A U.S. Supreme Court ruling outlawing employment discrimination on the basis of sexual orientation or gender identity is monumental — but only the first step in providing equality, says a Virginia Tech expert.

“After more than 40 years of failed efforts to pass the Employment Non-Discrimination Act in Congress, it is finally illegal in all 50 states to fire someone solely for being LGBTQ,” said Laura Belmonte, a Virginia Tech historian who is an expert on the international LGBTQ rights movement.

The June 15 decision of the U.S. Supreme Court amends Title VII of the 1964 Civil Rights Act and extends job protections nationwide. Belmonte noted that variations on the Employment Non-Discrimination Act have been introduced into Congress nearly every year since the mid-1970s.

“There is still much to do to achieve full equality,” Belmonte said. “Transgender women of color face horrific levels of violence. LGBTQ youth have disproportionately high levels of suicide and homelessness. And it remains illegal to be LGBTQ in nearly 70 nations.” 

Yet, Belmonte added, “Today’s ruling makes this Pride Month an especially celebratory one.”

About Laura Belmonte: Laura Belmonte, a specialist in the history of U.S. foreign relations, serves as dean of the Virginia Tech College of Liberal Arts and Human Sciences, where she is also a history professor.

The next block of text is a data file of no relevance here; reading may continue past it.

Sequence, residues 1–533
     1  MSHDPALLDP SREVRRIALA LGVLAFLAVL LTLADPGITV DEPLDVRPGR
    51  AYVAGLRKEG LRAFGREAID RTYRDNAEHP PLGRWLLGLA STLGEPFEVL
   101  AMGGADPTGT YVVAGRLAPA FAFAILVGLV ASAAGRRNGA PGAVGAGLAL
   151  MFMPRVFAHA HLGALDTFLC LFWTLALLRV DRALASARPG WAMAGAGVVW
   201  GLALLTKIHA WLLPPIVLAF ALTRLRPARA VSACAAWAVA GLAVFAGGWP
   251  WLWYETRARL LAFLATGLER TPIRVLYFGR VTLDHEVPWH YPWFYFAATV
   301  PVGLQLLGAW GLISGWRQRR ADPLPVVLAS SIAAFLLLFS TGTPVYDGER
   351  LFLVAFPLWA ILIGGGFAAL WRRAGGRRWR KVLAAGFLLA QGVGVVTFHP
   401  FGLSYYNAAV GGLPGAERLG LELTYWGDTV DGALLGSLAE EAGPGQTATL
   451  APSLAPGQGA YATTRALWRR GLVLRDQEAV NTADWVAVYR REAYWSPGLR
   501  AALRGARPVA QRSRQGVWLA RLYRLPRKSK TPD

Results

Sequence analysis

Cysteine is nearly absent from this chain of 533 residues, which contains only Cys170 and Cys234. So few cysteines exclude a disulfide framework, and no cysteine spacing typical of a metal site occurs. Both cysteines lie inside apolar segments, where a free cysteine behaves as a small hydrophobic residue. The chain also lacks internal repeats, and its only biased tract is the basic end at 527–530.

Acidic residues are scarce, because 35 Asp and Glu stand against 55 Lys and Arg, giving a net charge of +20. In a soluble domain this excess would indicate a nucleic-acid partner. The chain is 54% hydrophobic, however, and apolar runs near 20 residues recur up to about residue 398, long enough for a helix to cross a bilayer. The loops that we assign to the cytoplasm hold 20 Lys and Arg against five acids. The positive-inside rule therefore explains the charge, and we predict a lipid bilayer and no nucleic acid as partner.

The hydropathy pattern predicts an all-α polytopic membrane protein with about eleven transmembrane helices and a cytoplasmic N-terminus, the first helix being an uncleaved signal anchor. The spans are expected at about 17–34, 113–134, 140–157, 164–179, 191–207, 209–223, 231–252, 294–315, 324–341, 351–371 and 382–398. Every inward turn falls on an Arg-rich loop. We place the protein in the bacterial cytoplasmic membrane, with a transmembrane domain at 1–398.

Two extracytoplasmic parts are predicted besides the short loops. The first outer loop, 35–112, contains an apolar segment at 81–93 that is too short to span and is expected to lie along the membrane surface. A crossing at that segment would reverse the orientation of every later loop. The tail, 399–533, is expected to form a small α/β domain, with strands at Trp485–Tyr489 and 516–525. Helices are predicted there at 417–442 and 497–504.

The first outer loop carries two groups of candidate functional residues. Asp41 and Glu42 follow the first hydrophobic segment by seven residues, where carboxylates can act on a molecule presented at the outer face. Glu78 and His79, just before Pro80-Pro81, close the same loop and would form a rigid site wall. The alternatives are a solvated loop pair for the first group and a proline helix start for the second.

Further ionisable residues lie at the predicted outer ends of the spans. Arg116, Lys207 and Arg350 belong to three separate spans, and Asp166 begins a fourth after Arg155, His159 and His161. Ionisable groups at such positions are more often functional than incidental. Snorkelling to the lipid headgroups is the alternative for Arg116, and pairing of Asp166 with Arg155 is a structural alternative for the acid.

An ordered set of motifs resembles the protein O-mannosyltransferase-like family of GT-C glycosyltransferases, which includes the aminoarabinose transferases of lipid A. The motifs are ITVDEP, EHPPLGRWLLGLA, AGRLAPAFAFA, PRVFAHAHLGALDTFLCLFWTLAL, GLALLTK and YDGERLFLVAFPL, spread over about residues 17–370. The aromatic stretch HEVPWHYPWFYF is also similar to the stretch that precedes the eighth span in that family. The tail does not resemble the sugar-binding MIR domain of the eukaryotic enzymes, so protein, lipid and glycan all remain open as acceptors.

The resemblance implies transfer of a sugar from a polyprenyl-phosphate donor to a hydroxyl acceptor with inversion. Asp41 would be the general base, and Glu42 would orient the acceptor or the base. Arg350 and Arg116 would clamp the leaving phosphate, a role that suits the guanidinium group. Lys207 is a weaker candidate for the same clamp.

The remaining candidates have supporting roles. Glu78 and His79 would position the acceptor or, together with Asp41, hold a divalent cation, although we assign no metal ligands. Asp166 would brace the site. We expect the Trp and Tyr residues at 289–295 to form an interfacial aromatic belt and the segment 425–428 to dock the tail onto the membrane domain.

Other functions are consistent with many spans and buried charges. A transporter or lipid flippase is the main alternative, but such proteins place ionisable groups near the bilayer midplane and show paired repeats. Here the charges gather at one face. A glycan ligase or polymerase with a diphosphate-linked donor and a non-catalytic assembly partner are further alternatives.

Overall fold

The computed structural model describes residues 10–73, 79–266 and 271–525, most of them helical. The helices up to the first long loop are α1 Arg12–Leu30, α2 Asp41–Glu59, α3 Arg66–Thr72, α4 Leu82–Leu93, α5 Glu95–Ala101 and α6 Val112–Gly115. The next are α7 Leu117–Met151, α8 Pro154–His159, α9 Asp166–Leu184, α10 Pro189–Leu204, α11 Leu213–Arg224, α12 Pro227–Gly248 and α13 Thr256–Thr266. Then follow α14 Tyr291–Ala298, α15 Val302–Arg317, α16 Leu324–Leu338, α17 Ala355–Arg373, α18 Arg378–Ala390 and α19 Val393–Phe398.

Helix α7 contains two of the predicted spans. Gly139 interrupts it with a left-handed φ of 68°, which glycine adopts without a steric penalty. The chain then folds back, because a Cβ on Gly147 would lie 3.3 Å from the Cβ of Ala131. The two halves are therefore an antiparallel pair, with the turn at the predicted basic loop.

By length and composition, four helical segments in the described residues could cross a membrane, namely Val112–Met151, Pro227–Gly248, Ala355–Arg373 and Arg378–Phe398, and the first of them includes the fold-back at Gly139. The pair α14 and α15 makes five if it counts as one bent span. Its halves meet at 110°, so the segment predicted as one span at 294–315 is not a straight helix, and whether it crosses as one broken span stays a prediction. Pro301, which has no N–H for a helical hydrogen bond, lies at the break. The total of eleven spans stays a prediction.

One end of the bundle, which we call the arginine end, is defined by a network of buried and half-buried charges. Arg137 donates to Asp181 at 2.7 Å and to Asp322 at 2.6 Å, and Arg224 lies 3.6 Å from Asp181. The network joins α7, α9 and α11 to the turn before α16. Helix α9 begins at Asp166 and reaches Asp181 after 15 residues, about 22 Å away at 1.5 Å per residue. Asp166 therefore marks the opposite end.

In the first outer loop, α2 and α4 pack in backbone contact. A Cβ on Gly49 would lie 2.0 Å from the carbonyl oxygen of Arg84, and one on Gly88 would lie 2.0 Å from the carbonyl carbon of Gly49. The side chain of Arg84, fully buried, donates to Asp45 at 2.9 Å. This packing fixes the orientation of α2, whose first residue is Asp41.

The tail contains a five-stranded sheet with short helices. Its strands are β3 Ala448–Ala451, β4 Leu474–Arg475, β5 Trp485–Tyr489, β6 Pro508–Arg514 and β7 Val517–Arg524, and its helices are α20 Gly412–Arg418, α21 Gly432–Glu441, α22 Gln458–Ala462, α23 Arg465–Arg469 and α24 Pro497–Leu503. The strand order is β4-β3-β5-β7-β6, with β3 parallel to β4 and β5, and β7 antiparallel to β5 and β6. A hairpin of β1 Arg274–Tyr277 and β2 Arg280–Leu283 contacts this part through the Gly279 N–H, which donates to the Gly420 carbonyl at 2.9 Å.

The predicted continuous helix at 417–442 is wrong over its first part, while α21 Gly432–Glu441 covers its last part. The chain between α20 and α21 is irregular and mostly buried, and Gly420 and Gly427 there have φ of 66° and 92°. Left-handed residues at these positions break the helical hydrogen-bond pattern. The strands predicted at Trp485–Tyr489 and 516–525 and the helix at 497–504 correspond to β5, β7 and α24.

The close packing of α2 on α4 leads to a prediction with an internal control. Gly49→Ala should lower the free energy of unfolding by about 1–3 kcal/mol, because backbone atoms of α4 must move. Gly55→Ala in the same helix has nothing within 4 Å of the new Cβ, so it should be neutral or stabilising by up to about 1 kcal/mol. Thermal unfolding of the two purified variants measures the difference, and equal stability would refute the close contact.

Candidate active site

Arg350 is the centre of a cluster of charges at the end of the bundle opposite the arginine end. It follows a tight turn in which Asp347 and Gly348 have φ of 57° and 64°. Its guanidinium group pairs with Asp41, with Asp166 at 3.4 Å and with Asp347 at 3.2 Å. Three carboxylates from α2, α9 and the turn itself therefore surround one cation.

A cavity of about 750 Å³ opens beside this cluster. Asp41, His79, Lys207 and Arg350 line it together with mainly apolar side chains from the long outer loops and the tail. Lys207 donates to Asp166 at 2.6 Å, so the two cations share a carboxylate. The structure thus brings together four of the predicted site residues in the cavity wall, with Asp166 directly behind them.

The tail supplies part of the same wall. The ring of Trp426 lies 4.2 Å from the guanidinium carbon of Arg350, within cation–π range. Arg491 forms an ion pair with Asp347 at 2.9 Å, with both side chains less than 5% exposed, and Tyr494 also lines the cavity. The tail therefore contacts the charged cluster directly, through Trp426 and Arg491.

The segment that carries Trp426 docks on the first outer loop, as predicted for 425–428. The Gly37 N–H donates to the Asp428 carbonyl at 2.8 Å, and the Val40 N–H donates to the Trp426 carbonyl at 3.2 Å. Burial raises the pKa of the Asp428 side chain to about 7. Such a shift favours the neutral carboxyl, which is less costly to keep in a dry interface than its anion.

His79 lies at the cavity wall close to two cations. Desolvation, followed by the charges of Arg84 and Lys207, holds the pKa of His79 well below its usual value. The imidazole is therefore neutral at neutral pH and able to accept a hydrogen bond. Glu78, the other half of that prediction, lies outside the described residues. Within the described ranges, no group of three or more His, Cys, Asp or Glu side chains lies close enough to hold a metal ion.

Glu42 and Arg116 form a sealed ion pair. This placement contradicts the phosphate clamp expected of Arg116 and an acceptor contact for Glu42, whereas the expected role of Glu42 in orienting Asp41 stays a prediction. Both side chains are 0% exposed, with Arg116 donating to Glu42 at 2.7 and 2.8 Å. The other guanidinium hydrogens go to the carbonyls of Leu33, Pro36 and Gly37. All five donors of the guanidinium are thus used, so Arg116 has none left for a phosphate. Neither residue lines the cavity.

Belmonte is the author or editor of several books, including “The International LGBT Rights Movement: A History,” forthcoming from Bloomsbury Publishing. 

From 2009 to 2019, Belmonte served on the U.S. Department of State’s Advisory Committee for Historical Diplomatic Documentation, a group that participates in ongoing debates over transparency and declassification and the intersections between historical events and contemporary diplomacy. She has also served on the national council of the Society for Historians of American Foreign Relations and the editorial board of its official journal, Diplomatic History.

In March, Belmonte testified before the U.S. House Committee on Rules during a hearing on the encroachment of the executive branch on the powers of the legislative branch.